USC Football: Trojans Beat Syracuse, But it Was Far From Pretty


Sept. 8, 2012; East Rutherford, NJ, USA; Southern California Trojans quarterback Matt Barkley (7) calls out a play during the third quarter against the Syracuse Orange at MetLife Stadium. Mandatory Credit: Debby Wong-US PRESSWIRE

USC went into the Meadowlands and beat Syracuse on Saturday, in a game muddled with weird storylines, given a 71-minute weather delay, a brief Syracuse comeback, questionable play calling and an expanding list of casualties for the Trojans.

The Trojans came out of the gate flat in the first quarter as conservative play calling ultimately forced SC to roll the dice on fourth down three teams early in the game. Lane Kiffin decided that the Trojans would practice the art of the screen pass on Saturday, as the USC passing game consisted of a barrage of screens to Marqise Lee and Robert Woods for minimal gains.

While screens are excellent play choices for setting up the run and the deep ball by drawing the safeties up to the line of scrimmage, Kiffin opted to forgo creativity in the passing game, throwing over the middle of the field just a couple of times and squandering the end-goal of a screen-loaded playbook.

Two end-around reverses to Lee and Woods were big gainers for the Trojans, picking up 99 yards on two attempts, but those were just two of the three or four creative plays that USC attempted all game long.

Just once did the Trojans throw the ball deep down the middle of the field, with that lone toss resulting in a Shamarko Thomas interception for Syracuse. The route didn’t appear to be run poorly by Robert Woods, it was just bad throw from Barkley, as he under-threw his man by two or three yards. Yet, despite the play working but not executed properly, Kiffin never tested the Syracuse defense down the middle again.

Instead, Kiffin drew up a gameplan to further pound the ball on the ground and employ even more screens to Lee and Woods. The plan wasn’t a total loss, as Barkley was able to open up the Syracuse defense for five touchdown passes inside the red zone, and one from 29-yards out for Barkley’s longest completion on the day.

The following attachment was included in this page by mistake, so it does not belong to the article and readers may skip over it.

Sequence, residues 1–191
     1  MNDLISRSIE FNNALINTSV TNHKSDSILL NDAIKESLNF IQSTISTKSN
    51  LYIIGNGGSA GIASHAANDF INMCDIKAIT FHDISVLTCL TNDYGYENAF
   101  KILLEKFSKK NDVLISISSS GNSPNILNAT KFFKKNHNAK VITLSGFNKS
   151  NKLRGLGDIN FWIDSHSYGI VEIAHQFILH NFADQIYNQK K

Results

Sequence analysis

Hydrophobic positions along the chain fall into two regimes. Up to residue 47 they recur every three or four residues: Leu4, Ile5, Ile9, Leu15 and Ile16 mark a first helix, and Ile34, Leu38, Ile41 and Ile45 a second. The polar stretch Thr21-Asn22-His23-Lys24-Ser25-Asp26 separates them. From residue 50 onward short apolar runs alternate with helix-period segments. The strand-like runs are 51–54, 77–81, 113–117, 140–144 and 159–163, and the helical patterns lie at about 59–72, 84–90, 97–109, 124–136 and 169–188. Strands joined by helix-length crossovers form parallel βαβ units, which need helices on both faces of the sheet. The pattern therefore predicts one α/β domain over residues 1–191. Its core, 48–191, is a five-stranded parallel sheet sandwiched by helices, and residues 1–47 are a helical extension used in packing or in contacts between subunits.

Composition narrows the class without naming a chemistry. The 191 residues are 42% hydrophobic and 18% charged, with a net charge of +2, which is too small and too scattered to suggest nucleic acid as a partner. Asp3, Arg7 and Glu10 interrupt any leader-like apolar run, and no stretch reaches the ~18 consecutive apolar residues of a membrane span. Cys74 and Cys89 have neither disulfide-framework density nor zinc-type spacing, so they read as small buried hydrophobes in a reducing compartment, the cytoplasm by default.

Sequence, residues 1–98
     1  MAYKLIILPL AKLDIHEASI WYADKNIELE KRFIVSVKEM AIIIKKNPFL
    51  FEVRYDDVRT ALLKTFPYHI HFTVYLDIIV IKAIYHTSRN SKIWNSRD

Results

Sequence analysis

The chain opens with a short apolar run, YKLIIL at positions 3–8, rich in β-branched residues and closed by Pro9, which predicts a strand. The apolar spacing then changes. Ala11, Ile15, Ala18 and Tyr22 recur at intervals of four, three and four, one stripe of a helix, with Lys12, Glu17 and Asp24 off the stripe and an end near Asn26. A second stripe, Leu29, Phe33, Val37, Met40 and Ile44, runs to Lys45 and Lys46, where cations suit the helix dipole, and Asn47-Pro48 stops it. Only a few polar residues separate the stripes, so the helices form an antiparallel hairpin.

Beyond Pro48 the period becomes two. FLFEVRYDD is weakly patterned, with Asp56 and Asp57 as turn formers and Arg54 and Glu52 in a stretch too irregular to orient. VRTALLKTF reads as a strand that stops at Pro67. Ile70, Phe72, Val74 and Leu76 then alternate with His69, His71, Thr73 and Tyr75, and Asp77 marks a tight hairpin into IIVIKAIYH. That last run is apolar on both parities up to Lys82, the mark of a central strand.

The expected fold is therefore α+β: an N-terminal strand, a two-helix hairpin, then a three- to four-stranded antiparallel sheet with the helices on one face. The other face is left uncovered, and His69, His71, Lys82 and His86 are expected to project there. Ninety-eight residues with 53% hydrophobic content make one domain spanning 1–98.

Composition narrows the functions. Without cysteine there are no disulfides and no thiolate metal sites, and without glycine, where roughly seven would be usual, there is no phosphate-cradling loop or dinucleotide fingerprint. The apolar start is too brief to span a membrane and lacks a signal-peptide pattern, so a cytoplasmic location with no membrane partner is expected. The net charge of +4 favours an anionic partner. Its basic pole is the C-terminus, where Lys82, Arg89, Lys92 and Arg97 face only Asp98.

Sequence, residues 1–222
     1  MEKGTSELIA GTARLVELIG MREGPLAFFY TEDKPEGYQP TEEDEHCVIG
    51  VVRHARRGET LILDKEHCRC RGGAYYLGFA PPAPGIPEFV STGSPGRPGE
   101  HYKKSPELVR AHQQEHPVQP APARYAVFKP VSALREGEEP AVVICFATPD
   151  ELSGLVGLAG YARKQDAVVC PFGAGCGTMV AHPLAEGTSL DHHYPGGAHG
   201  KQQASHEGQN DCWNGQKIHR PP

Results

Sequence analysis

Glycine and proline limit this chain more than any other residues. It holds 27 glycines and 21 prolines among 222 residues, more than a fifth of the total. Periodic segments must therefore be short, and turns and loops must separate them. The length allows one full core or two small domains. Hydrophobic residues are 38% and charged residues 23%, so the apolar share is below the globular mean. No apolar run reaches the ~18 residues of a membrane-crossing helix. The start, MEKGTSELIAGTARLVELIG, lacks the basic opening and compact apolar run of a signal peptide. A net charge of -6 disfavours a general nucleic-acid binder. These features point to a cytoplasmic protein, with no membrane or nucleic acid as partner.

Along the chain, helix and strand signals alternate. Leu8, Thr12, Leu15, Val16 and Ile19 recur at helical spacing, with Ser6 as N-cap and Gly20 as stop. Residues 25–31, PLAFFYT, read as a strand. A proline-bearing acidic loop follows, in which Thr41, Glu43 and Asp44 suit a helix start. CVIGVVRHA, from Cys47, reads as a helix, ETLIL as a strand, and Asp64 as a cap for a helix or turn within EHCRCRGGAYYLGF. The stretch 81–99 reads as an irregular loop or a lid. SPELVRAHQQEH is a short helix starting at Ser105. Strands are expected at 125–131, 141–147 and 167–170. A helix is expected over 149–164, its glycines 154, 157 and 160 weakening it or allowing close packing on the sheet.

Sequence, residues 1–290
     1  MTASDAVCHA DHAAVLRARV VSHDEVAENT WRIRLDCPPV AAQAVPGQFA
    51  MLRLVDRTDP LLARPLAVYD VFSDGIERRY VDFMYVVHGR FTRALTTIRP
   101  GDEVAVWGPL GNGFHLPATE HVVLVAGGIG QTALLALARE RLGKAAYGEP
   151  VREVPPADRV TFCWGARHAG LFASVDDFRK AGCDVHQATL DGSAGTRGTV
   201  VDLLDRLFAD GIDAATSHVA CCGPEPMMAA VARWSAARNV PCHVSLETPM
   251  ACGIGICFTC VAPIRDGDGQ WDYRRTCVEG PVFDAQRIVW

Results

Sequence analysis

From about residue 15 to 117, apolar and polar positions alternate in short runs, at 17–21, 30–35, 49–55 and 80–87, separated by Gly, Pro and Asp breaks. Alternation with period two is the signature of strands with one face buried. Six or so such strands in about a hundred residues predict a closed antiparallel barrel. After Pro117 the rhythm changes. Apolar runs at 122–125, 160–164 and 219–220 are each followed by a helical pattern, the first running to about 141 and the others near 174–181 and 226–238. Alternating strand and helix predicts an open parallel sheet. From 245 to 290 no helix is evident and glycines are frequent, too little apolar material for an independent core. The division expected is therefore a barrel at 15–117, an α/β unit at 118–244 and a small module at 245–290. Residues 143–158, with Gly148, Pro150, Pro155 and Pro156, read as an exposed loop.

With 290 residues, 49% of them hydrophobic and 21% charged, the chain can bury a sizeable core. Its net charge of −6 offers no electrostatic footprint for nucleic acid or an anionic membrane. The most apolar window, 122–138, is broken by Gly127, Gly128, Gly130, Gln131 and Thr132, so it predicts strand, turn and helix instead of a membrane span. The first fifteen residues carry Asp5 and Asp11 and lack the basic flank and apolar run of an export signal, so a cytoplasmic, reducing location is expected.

The running game showed glimpses of cohesion, but in the end, the offensive line was outworked by Syracuse, and the Trojans posted 258 yards on the ground, though that number is wildly deceiving. If you take out the two gadget plays, the reverses to Lee and Woods, the Trojans had just 159 yards on 31 carries, good for 5.1 yards per rush.

A lack of push on the offensive line generated long runs when the Trojans were able to get out of the tackle box and into space, but it handcuffed the Trojans all night. Ten times(or 38 percent of the time), Silas Redd or Curtis McNeal rushed for a two-yard gain or less, which was a problem first seen against Hawaii in the opener.

Inconsistencies on the offensive line and in the running game enabled Syracuse to hang around longer than they probably should, giving life to Ryan Nassib, which the senior took advantage of in third quarter. Two quick strikes by Syracuse cut USC’s lead to just five, and for the first time in the young season, the Trojans appeared to be in a dog fight.

Either way, the Trojans shouldn’t have let Syracuse keep up as long as they did. The USC secondary was tested in the second half and the corners were repeatedly beat, making life easier for Nassib and his receivers. Torin Harris appeared to be plenty rusty after just getting back into a ryhthm at practice, while Kevon Seymour played with heavy hands and Anthony Brown was too aggressive. The Trojans miss Isiah Wiley at corner, and unless they can somehow to piece together a way to find a serviceable center play Josh Shaw there, the Trojans will be prone to defensive lapses.

It’s moments like those when you find out what a team is made of, and in general, the Trojans answered the bell outside of the weakness at corner. Linebackers Hayes Pullard and Dion Bailey stepped up for the Trojans on the defense, and on offense, both Silas Redd and Xavier Grimble shook off defenders to get extra yardage, which in Grimble’s case, was enough for a 22-yard touchdown reception.

USC’s offense scored enough to not worry about it, but the absence of kicker Andre Heidari could be problematic in the future for the Trojans, and All-American candidate Khaled Holmes needing to be carted off of the field is also something to be concerned about.

The Trojans have a big game coming up on Saturday against Stanford, and judging by the two team’s similar skill sets, the video against the Orange could be pretty popular for those at Stanford. But if Kiffin is going to sleep easier at night, he’ll have to hope that injuries to Heidari and Holmes don’t require surgery, and that the Trojans can bounce back and play up to Stanford like they did a year ago.